Written by: Yves, Head of Trading at Wirex
The Bitcoin price is still in a consolidation phase, up nearly 10% this week, and trading around the $37,700 levels. It is likely aiming back at the $40,000 levels in the short term. Meanwhile, the Ether cryptocurrency hit another all-time-high (ATH) at $1,698 ahead of the Chicago Mercantile Exchange (CME) futures launch scheduled on February 8th. Alternative cryptocurrencies also outperformed: Ripple (XRP/USD) soared by neary 55% erasing half its December losses. The price of Waves (WAVES/USD) is 24% higher than it was last Friday. Stellar Lumens (XLM/USD) increased by 16.5%, Litecoin (LTC/USD) by 13%. There is clearly a general positive trend in the cryptocurrency markets that is fuelled partly by the investors’ enthusiasm, retail and institution-grade alike. Announcements and steps undertaken by major institutions (including Grayscale and Blackrock) to increase their investment coverage to several cryptocurrencies did help performance, correlating investment returns regardless of the underlying project… at least to some degree.
Looking at the fundamentals, there is no sign of an increasing supply to demand ratio. Cryptoquant recorded negative “Bitcoin net flows from exchanges” this week, and the “BTC all exchange reserve” is still slowly decreasing. Only the “Miners to all exchanges flow” suggests that miners are increasingly supplying the market: the miners flow peaked last Friday to its highest level since March 2020: 2,067 BTCs mined were transferred to exchanges. Regardless, the average miners flow remains below 750 BTCs per day.
Crytoquant: All Miners to Exchanges Flow - Peak at 2,067 on Jan 29th.
Still, the demand for the first cryptocurrency is holding high, largely covering the miners supply. To put these numbers into perspective, the Grayscale Bitcoin trust (GBTC) acquired over 40,000 BTCs in January. In other words, the trust bought an average of 1,290 BTCs bought per day in January.
With such metrics and for as long as they hold, the Bitcoin price should go higher and reach new ATHs.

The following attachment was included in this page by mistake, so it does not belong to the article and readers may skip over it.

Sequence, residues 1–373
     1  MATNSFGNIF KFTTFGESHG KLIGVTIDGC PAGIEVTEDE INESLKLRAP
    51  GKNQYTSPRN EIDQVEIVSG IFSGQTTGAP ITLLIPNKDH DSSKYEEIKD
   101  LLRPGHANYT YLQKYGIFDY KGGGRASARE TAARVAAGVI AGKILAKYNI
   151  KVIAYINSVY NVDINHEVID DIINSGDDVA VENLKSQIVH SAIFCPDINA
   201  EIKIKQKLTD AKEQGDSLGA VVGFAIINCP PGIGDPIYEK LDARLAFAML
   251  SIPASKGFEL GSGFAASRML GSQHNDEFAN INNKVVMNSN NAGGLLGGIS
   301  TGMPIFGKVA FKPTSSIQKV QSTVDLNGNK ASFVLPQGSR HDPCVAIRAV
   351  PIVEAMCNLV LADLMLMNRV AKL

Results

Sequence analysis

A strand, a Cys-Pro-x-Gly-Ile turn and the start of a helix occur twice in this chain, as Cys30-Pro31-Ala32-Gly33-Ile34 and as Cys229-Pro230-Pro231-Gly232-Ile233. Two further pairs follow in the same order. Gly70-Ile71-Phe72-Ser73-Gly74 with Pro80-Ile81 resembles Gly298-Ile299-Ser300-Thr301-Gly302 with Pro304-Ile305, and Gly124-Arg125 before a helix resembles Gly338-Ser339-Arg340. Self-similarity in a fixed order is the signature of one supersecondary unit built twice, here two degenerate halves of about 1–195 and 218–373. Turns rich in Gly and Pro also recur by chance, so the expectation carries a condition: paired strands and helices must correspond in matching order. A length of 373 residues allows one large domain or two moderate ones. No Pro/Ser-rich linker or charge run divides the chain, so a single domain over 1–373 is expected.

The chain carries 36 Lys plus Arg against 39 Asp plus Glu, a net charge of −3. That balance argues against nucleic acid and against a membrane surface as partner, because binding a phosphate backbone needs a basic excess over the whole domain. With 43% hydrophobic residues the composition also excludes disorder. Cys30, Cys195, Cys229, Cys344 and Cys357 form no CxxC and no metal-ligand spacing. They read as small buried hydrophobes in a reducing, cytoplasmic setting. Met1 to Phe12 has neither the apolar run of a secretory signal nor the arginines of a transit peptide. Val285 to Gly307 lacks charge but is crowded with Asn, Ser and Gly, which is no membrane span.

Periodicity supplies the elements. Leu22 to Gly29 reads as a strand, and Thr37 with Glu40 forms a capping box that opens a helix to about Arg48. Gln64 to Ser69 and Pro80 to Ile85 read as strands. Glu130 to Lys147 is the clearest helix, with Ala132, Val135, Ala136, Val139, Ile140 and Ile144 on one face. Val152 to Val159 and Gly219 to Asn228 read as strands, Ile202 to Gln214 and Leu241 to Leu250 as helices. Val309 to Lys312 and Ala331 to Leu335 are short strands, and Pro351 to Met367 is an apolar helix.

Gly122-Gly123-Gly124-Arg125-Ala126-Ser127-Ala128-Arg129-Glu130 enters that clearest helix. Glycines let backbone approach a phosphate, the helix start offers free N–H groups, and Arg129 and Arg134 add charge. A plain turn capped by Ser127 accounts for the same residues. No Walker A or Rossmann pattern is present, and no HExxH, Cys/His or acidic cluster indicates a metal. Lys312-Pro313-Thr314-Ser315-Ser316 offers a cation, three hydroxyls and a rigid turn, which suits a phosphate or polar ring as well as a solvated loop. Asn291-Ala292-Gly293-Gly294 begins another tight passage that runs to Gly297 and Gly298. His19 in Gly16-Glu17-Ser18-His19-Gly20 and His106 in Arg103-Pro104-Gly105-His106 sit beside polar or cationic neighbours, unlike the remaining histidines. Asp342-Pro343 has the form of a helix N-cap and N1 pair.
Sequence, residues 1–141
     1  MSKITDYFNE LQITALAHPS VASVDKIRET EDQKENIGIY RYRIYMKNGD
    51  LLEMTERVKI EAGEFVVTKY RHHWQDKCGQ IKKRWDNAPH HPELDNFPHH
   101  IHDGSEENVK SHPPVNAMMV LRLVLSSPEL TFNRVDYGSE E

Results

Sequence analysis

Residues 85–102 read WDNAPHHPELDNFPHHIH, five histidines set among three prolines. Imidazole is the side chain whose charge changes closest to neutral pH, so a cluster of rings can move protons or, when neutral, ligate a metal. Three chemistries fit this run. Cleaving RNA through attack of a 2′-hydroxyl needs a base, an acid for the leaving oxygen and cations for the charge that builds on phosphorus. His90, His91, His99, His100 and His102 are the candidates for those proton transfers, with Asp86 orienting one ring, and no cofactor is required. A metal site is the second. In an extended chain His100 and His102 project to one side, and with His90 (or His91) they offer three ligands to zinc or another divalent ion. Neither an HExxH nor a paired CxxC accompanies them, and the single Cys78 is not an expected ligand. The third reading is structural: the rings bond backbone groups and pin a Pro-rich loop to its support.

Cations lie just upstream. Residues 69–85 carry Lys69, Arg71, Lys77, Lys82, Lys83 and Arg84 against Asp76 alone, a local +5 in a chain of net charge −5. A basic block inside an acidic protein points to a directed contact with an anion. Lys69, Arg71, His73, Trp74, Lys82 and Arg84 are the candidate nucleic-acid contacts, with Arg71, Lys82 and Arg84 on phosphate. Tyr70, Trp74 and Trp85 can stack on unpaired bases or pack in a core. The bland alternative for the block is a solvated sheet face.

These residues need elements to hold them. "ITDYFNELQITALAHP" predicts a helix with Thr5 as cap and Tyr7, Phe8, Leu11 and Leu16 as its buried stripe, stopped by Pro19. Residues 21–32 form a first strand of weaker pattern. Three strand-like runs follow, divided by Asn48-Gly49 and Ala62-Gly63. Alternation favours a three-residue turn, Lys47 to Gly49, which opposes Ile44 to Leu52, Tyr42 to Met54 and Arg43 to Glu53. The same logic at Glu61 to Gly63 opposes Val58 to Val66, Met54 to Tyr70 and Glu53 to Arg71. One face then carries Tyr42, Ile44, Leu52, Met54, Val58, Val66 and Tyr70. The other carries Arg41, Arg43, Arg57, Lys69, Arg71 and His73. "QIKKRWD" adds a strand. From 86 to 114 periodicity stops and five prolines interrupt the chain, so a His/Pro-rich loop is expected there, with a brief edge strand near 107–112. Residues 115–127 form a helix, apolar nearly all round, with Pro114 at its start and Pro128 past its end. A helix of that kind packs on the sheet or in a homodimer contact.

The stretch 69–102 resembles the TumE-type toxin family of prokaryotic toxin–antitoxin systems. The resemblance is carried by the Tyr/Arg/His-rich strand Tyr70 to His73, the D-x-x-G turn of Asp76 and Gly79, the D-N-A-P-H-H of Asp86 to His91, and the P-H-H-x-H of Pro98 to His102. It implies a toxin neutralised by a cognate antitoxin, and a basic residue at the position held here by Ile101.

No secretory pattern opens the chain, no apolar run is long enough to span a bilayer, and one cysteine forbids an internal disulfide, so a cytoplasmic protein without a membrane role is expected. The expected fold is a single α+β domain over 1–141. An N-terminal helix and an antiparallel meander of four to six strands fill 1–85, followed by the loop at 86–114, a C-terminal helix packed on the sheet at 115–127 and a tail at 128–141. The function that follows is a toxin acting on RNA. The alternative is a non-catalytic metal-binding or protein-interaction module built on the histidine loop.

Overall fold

Mainstream adoption will accelerate again in a few months when Paypal extends its cryptocurrency services internationally, or lets its users shop with cryptocurrencies. It could also grow if VISA deploys its crypto service to retail banks after a successful pilot program. Public awareness of the market size can also grow with Coinbase’s potential IPO.
The Impact of Liquidity Injections
As Guggenheim’s CIO, Scott Minered, mentioned this week, “a 50% correction is possible in the near future”… It is difficult to predict Bitcoin’s behaviour and we have seen the Bitcoin price fall by more than 80% in the past. Far from throwing stones, Scott Minered mentioned in June that the Equity benchmark (the S&P500) might also fall 50%. Although the index is up 25% since then, looking at the US companies’ fundamentals, there is no doubt that the stocks value compared to potential earnings (the P/E ratio) is relatively high, quoting today around 39.5, which is 2.5 to 4 times higher than the long-term average. The quantitative easing and liquidity injections did certainly inflate the stock markets and the cryptocurrency markets alike. But the difference between the Equity and Crypto markets, is that the gain in popularity and adoption clearly favoured the second.
Cryptocurrency Projects Scalability
The impressive increase in activity gave us the opportunity to test the technology’s scalability, to look further into emerging developments and sectors three years after they started: decentralised finance or digital art.
As far as scalability is concerned, the Proof-of-Work (PoW) protocol that currently drives the Bitcoin and Ethereum blockchain is suffering from soaring gas fees. BitInfoCharts reported an average transaction fee on Ethereum at $23.6 yesterday. It is a new ATH. Operations in complex non-optimal DeFi projects (probably involving several Ethereum on-chain transactions) can exceed hundreds of dollars, maybe more as reported by Cointelegraph. The shift of Ethereum towards the Proof-of-Stake (PoS) protocol will definitly palliate this issue.
BitInfoCharts: Average Ethereum transaction fees in USD
In the meantime, alternative scalable platforms are taking advantage of Ethereum’s PoW shortfalls, capturing a significant portion of these transactions. The most ambitious projects that started on a PoW blockchain chose to diversify their operations on more competitive platforms such as Tron or Stellar where fees are near 0. For the largest among these projects, Theter (USDT), the number of transactions on the Tron blockchain is now higher than those recorded on Ethereum.
In general, the number of transactions on the Stellar network soared and widened its gap with the Ethereum’s transactions count as reported by BitInfoCharts. USDC, the second largest stablecoin, is now live on the Stellar network. Certainly the XLM/USD price increase also reflects the network’s growing activity. Stellar is a legitimate substitute to Ethereum, at least for as long as the PoW protocol is ruling the second cryptocurrency.
BitInfoCharts: Number of transaction on Ethereum, Tron and Stellar